ATV on air?

Despite being bogged down by red tape, Jordan's first private TV channel resolves to go on air this summer.
Analysis, Delivery & Transmission
ATV has built four studios in Jordan including two 200m studios
ATV has built four studios in Jordan including two 200m studios


Last month marked a historic moment in Jordan's broadcast scene when the Jordanian United TV Broadcasting Company (ATV), the country's first independent, private TV station began test broadcasts. The US $35 million project, which included the design, planning and integration of a turnkey TV station was undertaken by UK-based systems integrator, db Broadcast.

Targeted at Jordanian viewers, ATV is a family entertainment channel with a mix of news, children's shows, films, sports, drama series and other programmes. "When it goes on air, it will be an untraditional media platform in Jordan," claims Mohannad Al-Khatib, managing director of ATV. "ATV will seek to provide content that suits our local communities."


More than $200 million is spent annually on advertising in Jordan and 85% of this goes to print. We have a good chance of capturing a share of this market in the future. - Mohannad Al-Khatib/ATV

While Hollywood movies, drama series and other programmes will be acquired for the channel, ATV has also built four studios at its headquarters in Jordan for in-house production. Two 200m studios will be used for talk shows and other rental purposes while a 400m studio and a 700m studio have been designed for news as well as the production of big dramas and live programmes. Already, the bigger studios are being used to produce ATV's first Jordanian drama series for the month of Ramadan.

The channel has equipped its studios with 14 E-30 Sony cameras. Lights for the studios have been sourced primarily from LSI and DeSisti. ATV has also invested in 15 XDCAMs for electronic news gathering (ENG) as it has a fairly big news operation. "ATV is not a dedicated news channel. However, we have a healthy percentage of news and current affairs. Slowly, we expect this percentage to increase to at least 35% to 40% of our programming grid," clarifies Al-Khatib.

As part of these efforts, ATV will have terminals in Iraq for the Iraqi community in Jordan as well as three bureaus in Palestine, confirms Al-Khatib. "We will also rely on a network of stringers in countries like Lebanon where we don't have a constant presence. We cannot ignore what is happening in Lebanon; at the same time, we don't have a permanent bureau there."

ATV's news operations will be carried out on AP's ENPS newsroom system. The channel has bought more than 100 licenses from AP for its news operations. Keisuke Kayaba, sales manager for ENPS, Middle East/Asia says this is AP's third largest client in the Middle East after ERTU in Egypt and CNBC Arabiya in Dubai.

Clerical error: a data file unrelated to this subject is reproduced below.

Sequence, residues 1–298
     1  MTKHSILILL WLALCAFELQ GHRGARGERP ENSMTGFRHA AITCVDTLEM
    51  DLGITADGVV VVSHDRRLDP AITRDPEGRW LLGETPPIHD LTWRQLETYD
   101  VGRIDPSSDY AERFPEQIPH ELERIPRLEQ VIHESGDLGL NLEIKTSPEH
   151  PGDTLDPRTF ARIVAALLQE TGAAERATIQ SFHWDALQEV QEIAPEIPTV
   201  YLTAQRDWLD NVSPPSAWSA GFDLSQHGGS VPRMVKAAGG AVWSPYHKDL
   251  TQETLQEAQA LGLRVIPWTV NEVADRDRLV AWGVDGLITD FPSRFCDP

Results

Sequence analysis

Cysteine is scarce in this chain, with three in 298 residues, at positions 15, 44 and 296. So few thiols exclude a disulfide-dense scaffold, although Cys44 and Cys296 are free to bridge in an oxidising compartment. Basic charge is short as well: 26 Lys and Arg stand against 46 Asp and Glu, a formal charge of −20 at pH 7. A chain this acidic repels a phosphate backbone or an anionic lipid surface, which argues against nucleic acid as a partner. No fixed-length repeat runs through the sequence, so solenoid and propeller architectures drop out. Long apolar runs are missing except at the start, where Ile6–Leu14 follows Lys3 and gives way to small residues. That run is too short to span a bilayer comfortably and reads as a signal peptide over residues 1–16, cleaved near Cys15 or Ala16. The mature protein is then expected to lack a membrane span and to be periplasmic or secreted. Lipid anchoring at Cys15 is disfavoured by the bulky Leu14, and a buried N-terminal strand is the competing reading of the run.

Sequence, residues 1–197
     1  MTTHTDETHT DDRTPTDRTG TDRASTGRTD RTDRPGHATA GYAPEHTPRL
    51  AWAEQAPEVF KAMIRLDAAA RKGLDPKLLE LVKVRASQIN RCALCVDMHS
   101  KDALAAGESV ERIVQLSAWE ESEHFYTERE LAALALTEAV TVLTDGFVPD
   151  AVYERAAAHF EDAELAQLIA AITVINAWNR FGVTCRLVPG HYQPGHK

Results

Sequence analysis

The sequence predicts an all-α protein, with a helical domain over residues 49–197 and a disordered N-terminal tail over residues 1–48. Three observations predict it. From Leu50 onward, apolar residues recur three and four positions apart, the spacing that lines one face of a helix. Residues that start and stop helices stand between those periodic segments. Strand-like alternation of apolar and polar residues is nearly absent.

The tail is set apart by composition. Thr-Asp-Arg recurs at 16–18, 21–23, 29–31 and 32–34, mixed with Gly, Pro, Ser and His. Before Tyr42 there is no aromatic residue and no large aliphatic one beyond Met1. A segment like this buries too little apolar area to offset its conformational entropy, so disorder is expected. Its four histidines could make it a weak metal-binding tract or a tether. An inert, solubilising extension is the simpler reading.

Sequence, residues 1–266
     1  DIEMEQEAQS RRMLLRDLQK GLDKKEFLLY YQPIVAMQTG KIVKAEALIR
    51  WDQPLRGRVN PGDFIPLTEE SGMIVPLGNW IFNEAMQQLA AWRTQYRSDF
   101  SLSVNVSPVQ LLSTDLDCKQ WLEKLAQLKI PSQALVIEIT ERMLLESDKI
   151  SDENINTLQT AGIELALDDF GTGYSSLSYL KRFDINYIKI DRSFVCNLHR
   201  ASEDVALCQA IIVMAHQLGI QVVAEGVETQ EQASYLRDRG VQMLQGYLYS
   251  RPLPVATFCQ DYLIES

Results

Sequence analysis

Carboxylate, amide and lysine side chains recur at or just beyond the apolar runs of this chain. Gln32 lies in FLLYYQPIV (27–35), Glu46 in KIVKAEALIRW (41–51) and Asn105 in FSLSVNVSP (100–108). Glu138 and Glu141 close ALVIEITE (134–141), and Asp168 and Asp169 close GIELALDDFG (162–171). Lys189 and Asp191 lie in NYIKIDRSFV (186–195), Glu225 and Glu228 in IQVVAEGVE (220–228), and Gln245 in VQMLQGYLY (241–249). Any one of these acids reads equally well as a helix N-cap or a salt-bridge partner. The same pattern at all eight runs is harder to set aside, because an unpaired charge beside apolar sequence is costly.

"ENPS will be used as the primary editorial tool, for the research and writing of scripts and the building of programme running orders at this facility," he says.

One significant aspect of the ATV installation is that it has kept its news and production domains separate.

Philip Keeler, who was the main systems designer on the project and represents db Broadcast, says ATV took this approach because it felt it would be easier to manage the media if it separated the two domains.

"ATV decided not to go for a full-blown channel management solution for cost reasons. At the same time, it has plans to expand in the future. I suppose this way, it can expand the two halves separately without one affecting the other," he explains.

Different systems will manage ATV's production and news domains. For news ingest, the channel uses Harris servers, which make both high resolution and low-resolution files of the footage. Whenever the news is ingested, the ATV news team can access the proxy footage from the Harris server for browsing and editing purposes.

As a backup, ATV has also put in place a Pebble Beach transcoder that makes low-res copies of the news files. This means that whenever there is a high-res clip on the Harris server, the transcoder will simultaneously make a low-res copy for archiving to its own storage.

Within the production domain, the channel primarily relies on a Pebble Beach server system. The playout and transmission for this area is controlled by Pebble Beach's Neptune system, which interfaces with an MSA Focus scheduling system, says Samir Isbaih, customer support engineer, Pebble Beach.

"Whenever data is entered into the Neptune system, it automatically updates the content on the MSA Focus scheduling system. Frame accurate add on logs are sent to the MSA Focus system, and this helps the latter to find out how many times the ad/event has been played," explains Isbaih.